Craig Davidson (aka Nick Cutter)

Craig Davidson (aka Nick Cutter)

Nick Cutter (a pseudonym for Craig Davidson) blasted onto the horror scene in 2014 with The Troop — the book Stephen King declared scared the hell out of him. For the record, it scared the hell out of me too. In January, Cutter followed up with an equally gripping and richly written sci-fi horror novel The Deep.

Fans of either or both of those books should not expect the same kind of story in The Acolyte. I’m not surprised it was ChiZine who published it for him because it is an odd, intense mixture of horror, police procedural, dystopia, and noir. It is violent, contemplative, thematic, and disturbing. It’s not a book you ‘enjoy’ or ‘savor’: it is one you endure and survive.

And that’s all I’m going to say about it. Read the plot summary if you want, but it’s not going to help prepare you for what lies in wait in its pages. If you are feeling adventurous and brave, and want a taste of something not so mainstream that will take you off the beaten path into a darker part of the forest, then by all means take The Acolyte home with you.

An advanced reading copy was provided by the publisher for review.

Check out more horror from Nick Cutter:

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It’s waiting for you in The Deep

The Deep ★★★★
Nick Cutter
Gallery Books, Jan 2015

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Save your last breath to scream.

I’ve been a lifelong fan of horror and the older I get, it seems to me the harder it’s getting to scare me and to get my hands on the good stuff. One positive thing about this sad development is that it’s forced me to venture out into other genres and try new things and find new loves. My first love however — my one true love — will always remain horror. It’s in my DNA (literally probably because my parents were huge fans of things going bump in the night). I was weaned on the stuff, and on the stuff I shall die.

Why am I rambling thus? For a fan with such an unquenchable appetite for these matters, discovering newcomer Nick Cutter is the equivalent of venturing to the end of the rainbow and having a leprechaun hand you over his pot of gold. I’m so gobsmacked and excited by my good fortune (our good fortune) that I’m still in a bit of a dizzy fangirl spin. The only thing that could make this any better would be if this discovery heralded an ushering in of a whole new Golden Age for horror the likes of which not seen since the ’80s. Yes? Please? C’mon now!

Well, whatever the case, Nick Cutter is doing his part penning two terrifying tales in two years, written to make grown women scream and grown men wet their pants. He’s got the horror cred down; you don’t have to read him too closely to see that he too was weaned on the stuff and inside his writer’s heart beats the heart of a horror geek.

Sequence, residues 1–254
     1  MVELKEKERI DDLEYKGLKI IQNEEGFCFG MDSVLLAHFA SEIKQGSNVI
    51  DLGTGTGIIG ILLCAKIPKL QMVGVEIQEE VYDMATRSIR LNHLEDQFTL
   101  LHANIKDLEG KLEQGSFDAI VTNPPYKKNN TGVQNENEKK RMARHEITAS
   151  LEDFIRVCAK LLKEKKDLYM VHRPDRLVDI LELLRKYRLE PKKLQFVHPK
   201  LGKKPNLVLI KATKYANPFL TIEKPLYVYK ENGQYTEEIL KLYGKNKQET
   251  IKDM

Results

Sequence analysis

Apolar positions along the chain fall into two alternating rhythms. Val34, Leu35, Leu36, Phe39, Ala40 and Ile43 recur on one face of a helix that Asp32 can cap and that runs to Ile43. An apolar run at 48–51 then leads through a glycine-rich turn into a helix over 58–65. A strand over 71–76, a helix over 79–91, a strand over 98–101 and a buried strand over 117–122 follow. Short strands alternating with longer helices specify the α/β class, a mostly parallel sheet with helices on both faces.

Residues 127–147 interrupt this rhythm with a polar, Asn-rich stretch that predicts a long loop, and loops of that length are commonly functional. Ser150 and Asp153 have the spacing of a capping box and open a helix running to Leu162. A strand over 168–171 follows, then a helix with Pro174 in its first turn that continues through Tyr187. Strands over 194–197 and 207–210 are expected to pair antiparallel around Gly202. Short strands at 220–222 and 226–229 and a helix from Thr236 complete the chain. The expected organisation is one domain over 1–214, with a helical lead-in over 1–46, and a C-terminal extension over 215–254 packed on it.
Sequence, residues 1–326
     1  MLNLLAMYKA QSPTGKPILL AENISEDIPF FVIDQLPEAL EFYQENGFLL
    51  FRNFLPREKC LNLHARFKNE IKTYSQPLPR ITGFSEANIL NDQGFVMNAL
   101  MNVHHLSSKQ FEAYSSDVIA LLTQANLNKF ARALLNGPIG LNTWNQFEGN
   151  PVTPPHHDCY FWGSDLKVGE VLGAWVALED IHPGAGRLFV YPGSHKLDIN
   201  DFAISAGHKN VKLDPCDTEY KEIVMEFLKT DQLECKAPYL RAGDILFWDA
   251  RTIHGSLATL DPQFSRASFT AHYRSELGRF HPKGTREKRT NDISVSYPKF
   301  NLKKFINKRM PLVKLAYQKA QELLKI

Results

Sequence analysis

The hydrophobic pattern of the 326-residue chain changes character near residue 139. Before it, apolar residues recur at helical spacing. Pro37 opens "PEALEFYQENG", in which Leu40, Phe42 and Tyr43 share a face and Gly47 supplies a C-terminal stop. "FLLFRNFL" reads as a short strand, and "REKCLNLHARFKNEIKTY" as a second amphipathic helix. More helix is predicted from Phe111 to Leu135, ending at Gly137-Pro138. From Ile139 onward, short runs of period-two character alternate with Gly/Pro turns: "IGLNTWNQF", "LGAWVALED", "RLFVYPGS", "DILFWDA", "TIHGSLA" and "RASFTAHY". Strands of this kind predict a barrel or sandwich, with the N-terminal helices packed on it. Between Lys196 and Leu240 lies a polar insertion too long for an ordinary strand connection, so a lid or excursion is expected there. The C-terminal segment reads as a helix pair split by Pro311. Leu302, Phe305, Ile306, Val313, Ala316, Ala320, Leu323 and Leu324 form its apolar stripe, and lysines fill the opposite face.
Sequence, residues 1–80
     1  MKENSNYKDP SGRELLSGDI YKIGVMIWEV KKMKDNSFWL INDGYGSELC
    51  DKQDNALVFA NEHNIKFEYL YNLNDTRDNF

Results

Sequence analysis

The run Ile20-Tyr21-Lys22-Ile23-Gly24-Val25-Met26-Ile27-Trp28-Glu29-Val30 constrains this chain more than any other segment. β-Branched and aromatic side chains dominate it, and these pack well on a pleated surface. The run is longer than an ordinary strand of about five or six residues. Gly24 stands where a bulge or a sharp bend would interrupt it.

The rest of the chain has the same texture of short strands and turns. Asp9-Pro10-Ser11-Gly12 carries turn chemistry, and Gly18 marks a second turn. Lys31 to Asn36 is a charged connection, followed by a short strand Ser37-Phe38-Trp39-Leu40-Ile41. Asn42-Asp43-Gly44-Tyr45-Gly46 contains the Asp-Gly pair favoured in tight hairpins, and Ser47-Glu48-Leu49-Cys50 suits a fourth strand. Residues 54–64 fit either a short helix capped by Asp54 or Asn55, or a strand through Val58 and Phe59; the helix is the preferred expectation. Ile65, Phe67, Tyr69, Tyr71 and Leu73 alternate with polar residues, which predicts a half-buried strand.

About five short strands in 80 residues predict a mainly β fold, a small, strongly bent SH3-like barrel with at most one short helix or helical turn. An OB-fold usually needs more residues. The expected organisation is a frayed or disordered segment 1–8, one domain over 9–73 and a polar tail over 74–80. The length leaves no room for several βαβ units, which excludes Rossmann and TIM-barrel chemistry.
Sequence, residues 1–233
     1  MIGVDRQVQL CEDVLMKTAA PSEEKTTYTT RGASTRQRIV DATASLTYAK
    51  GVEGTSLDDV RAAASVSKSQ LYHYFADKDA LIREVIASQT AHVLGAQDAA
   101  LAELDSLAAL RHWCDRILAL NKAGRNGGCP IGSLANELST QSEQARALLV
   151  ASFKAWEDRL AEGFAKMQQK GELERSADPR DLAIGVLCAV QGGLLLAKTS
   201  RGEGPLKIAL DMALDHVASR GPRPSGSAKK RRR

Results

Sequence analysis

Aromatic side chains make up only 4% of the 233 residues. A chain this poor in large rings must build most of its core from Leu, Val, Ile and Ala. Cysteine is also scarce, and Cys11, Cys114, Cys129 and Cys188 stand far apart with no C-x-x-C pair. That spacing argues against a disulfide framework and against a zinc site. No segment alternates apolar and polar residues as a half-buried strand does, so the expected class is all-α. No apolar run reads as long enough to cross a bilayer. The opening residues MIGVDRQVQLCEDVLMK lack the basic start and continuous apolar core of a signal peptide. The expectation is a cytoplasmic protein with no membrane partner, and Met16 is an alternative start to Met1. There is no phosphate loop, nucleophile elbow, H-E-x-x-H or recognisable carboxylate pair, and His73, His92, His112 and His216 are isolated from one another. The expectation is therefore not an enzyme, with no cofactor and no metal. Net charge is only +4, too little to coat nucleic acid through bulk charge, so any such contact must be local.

Reading The Deep I was put through quite the mental and emotional ringer. Between its covers some of my most vulnerable pulse points of fear were ruthlessly exploited. I was reminded of Sphere, The Thing, Event Horizon, and Alien. There’s body horror that’s going to remind you of early Cronenberg. And just when things start to feel familiar and you think you have a handle on it all, Cutter veers the story off into an angle of Weird that’s psychologically trippy and very Lovecraftian in execution. And while this story is going to remind you of a lot of other things, it is still going to shock you and lay you down and have its way with you.

Nick Cutter is a pseudonym for a talented author who can write a mean literary novel and win prizes for them. But I’m selfish and insatiable. Now that he’s ventured over to the dark side I want him to stay here and to play here forever, and ever and ever. Yeah, I’m a smitten kitten alright.

*Look for The Deep coming in January 2015 from Gallery Books*

A free copy was provided through Netgalley in exchange for an honest review.

 

Check out my review of Nick Cutter’s not-to-be missed debut fright fest — The Troop.
I also shared a Q&A with the author. Check it out here.
Follow @TheNickCutter on Twitter and Goodreads.

What’s in the box?!

Bird Box ★★★★
Josh Malerman
Ecco, 2014

Something is out there . . .

Something terrifying that must not be seen. One glimpse and a person is driven to deadly violence. No one knows what it is or where it came from.

Five years after it began, a handful of scattered survivors remain, including Malorie and her two young children. Living in an abandoned house near the river, Malorie has long dreamed of fleeing to a place where her family might be safe. But the journey ahead will be terrifying: twenty miles downriver in a rowboat—blindfolded—with nothing to rely on but Malorie’s wits and the children’s trained ears. One wrong choice and they will die. And something is following them. But is it man, animal, or monster?

4.5 stars

bird boxWhoah. This is some really good shit. Color me very impressed. I’m not sure what I was expecting when I picked this one up, but it totally delivered on tension and suspense, a palpable dread, and a suffocating sense of doom.